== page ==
Martini Prosecco NV: Light yellow color with hint of green; apple, pear, orange blossoms on the nose; citrus, apple, peach; dry, light, crisp, balanced, subdued bubbles.
Martini & Rossi began in 1863 as a vermouth maker; primary leadership included businessman Alessandro Martini and winemaker Luigi Rossi. The company evolved over the next 150 years, led primarily by the Rossi family, expanding its brands in the late 20th century to include Bacardi rum, Dewar’s Blended Scotch Whisky, William Lawson’s Blended Scotch Whisky, Bombay Sapphire Gin, Grey Goose Vodka, Eristoff Vodka, Cazadores Tequila, in addition to their core products—various Martini vermouths, Martini Prosecco (from Veneto region) and Asti (from Piedmont region), and Noilly Prat French vermouth. Martini’s biggest marketing effort has been automobile and speedboat racing since 1968. Vermouth is a special wine, and thus the Martini niche. It is an aromatized wine—a type of fortified wine flavored with various botanicals (barks, flowers, roots, seeds, herbs, spices). Rossi was the expert on the secret ingredients, which remain the same today for their core product, Rosso. In the beginning, vermouth principally was an aperitif, but in the late 1800s bartenders began incorporating it into cocktails—the Martini and the Manhattan are signal examples, the first taking its name from Martini Rosso. There are two types of vermouth, sweet and dry, although French maker Noilly Prat (now owned by Martini) pioneered use of oak casks where wine made from white grapes receives doses of some 20 herbs and spices every day over a three week period to distinguish itself from the Italian efforts. Today, there are a dizzying variety of vermouths, each with their own “secret formula” and techniques. Returning to sparkling wine—Martini Prosecco is a value play, not a substitute for Champagne or cava or better sparklings, but it is ideal for Bellini cocktail (one part Prosecco and two parts peach purée). $10-15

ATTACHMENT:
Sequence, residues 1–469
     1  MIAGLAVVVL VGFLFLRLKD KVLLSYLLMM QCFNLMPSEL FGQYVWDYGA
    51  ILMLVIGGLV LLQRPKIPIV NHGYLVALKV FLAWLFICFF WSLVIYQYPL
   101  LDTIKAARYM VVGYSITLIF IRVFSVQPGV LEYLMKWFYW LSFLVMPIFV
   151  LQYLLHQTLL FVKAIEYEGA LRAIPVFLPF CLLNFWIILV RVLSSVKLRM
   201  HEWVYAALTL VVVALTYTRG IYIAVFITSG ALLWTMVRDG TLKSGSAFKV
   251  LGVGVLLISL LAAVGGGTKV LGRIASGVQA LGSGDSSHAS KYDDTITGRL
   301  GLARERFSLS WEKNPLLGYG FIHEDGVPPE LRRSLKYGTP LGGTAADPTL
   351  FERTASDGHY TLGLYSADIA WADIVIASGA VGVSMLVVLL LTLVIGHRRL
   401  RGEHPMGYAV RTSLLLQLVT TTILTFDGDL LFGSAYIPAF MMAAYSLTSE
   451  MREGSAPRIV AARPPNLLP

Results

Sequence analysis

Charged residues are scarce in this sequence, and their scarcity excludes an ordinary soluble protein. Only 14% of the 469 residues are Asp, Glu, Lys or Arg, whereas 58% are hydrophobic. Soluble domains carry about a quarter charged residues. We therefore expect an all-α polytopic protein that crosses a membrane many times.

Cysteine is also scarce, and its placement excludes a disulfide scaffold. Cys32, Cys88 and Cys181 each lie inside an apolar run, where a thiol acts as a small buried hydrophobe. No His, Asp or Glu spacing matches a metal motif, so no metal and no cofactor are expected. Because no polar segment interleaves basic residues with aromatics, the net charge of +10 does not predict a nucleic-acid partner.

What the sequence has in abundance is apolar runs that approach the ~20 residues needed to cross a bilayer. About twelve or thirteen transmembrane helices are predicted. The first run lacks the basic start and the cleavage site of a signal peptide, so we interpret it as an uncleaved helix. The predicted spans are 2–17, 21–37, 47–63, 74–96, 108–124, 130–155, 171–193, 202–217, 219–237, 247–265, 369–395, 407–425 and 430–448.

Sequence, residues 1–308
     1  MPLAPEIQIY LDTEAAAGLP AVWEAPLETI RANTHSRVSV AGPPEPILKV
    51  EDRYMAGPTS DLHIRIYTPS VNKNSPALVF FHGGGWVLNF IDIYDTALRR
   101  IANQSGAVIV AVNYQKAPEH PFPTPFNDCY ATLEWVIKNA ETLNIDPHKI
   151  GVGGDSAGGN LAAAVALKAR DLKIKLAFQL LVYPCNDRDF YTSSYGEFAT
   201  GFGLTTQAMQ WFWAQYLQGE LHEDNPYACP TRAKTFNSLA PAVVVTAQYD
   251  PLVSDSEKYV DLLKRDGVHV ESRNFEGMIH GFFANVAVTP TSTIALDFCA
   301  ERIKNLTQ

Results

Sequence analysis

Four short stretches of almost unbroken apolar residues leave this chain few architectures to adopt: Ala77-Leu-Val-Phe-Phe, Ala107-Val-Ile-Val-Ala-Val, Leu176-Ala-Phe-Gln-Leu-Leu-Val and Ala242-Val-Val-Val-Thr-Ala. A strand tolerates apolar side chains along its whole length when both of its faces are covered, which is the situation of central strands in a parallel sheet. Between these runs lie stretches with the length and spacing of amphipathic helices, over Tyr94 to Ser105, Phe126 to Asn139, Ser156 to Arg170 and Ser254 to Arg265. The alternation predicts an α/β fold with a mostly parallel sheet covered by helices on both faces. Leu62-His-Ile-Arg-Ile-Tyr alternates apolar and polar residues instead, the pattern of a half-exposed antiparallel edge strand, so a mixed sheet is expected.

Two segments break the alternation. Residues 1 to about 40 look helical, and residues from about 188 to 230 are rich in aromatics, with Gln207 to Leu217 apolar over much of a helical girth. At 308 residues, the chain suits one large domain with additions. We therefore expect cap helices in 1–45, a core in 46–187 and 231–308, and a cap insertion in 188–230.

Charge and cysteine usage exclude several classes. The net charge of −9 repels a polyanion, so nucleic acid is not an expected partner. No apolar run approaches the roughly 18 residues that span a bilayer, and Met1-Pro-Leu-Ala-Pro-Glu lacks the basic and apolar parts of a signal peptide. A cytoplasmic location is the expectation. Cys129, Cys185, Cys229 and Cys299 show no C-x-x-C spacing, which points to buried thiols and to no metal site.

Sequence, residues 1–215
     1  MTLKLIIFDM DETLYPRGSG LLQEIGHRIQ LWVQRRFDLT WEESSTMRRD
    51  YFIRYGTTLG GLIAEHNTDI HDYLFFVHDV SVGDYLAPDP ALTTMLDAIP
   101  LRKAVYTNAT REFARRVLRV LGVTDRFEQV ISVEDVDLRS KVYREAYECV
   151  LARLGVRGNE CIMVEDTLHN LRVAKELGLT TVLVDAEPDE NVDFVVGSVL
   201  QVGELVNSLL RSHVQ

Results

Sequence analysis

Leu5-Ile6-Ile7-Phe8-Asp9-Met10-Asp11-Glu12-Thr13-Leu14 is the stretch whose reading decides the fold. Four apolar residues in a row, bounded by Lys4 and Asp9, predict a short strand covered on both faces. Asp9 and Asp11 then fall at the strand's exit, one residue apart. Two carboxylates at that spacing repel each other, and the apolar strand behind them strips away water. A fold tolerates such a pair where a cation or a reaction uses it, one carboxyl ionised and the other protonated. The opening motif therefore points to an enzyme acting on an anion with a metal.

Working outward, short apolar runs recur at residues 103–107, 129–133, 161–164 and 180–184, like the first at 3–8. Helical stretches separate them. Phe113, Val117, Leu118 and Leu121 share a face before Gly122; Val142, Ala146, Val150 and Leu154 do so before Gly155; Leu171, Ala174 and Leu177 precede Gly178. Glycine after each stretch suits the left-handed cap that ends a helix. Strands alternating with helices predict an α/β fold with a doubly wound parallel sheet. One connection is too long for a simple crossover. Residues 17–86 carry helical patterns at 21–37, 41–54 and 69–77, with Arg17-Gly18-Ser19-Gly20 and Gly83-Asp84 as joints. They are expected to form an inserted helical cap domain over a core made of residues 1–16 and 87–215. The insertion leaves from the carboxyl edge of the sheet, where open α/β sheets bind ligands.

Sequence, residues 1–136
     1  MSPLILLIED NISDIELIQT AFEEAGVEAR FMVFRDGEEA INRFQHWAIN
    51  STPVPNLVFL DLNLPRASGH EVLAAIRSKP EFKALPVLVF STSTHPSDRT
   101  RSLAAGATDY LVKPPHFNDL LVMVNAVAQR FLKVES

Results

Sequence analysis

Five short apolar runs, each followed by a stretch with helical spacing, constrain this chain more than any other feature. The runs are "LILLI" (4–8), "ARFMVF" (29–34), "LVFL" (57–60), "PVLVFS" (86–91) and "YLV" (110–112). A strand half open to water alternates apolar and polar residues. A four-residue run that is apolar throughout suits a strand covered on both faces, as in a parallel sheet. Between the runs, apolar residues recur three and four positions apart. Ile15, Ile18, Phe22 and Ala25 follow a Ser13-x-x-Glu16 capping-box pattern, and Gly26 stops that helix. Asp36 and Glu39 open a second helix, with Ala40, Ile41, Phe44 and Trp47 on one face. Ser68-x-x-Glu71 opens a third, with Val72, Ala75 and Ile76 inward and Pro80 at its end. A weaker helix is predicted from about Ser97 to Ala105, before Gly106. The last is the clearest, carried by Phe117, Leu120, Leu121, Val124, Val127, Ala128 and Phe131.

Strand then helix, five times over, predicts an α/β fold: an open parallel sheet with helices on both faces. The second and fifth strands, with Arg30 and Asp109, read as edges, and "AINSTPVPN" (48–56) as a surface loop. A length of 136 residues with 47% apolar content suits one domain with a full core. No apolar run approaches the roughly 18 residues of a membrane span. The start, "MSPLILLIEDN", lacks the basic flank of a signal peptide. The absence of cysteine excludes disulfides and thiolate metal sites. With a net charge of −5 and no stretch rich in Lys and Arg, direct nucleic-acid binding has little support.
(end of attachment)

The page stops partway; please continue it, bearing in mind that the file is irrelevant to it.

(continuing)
Louis Martini website